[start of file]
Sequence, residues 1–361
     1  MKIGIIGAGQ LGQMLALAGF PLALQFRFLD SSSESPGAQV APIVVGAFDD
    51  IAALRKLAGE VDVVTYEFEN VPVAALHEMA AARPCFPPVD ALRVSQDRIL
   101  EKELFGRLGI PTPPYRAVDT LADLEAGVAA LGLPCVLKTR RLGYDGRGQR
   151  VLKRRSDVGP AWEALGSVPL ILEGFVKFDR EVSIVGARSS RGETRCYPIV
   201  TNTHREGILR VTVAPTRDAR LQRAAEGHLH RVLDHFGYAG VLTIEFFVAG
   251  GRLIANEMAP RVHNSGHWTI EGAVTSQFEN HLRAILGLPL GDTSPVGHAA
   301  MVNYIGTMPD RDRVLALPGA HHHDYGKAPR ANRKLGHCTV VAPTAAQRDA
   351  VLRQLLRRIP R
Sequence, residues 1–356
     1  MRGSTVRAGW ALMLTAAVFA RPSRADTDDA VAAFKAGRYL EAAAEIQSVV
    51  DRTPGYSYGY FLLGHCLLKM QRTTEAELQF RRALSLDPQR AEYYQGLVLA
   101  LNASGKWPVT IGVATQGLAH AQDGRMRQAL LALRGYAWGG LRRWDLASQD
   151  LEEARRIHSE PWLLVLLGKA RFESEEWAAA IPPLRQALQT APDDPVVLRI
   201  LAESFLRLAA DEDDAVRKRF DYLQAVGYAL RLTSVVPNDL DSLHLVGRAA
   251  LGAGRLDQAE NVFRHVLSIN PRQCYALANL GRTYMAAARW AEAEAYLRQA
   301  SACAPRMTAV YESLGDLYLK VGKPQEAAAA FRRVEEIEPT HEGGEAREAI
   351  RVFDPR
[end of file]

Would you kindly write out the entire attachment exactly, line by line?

Sequence, residues 1–361
     1  MKIGIIGAGQ LGQMLALAGF PLALQFRFLD SSSESPGAQV APIVVGAFDD
    51  IAALRKLAGE VDVVTYEFEN VPVAALHEMA AARPCFPPVD ALRVSQDRIL
   101  EKELFGRLGI PTPPYRAVDT LADLEAGVAA LGLPCVLKTR RLGYDGRGQR
   151  VLKRRSDVGP AWEALGSVPL ILEGFVKFDR EVSIVGARSS RGETRCYPIV
   201  TNTHREGILR VTVAPTRDAR LQRAAEGHLH RVLDHFGYAG VLTIEFFVAG
   251  GRLIANEMAP RVHNSGHWTI EGAVTSQFEN HLRAILGLPL GDTSPVGHAA
   301  MVNYIGTMPD RDRVLALPGA HHHDYGKAPR ANRKLGHCTV VAPTAAQRDA
   351  VLRQLLRRIP R
Sequence, residues 1–356
     1  MRGSTVRAGW ALMLTAAVFA RPSRADTDDA VAAFKAGRYL EAAAEIQSVV
    51  DRTPGYSYGY FLLGHCLLKM QRTTEAELQF RRALSLDPQR AEYYQGLVLA
   101  LNASGKWPVT IGVATQGLAH AQDGRMRQAL LALRGYAWGG LRRWDLASQD
   151  LEEARRIHSE PWLLVLLGKA RFESEEWAAA IPPLRQALQT APDDPVVLRI
   201  LAESFLRLAA DEDDAVRKRF DYLQAVGYAL RLTSVVPNDL DSLHLVGRAA
   251  LGAGRLDQAE NVFRHVLSIN PRQCYALANL GRTYMAAARW AEAEAYLRQA
   301  SACAPRMTAV YESLGDLYLK VGKPQEAAAA FRRVEEIEPT HEGGEAREAI
   351  RVFDPR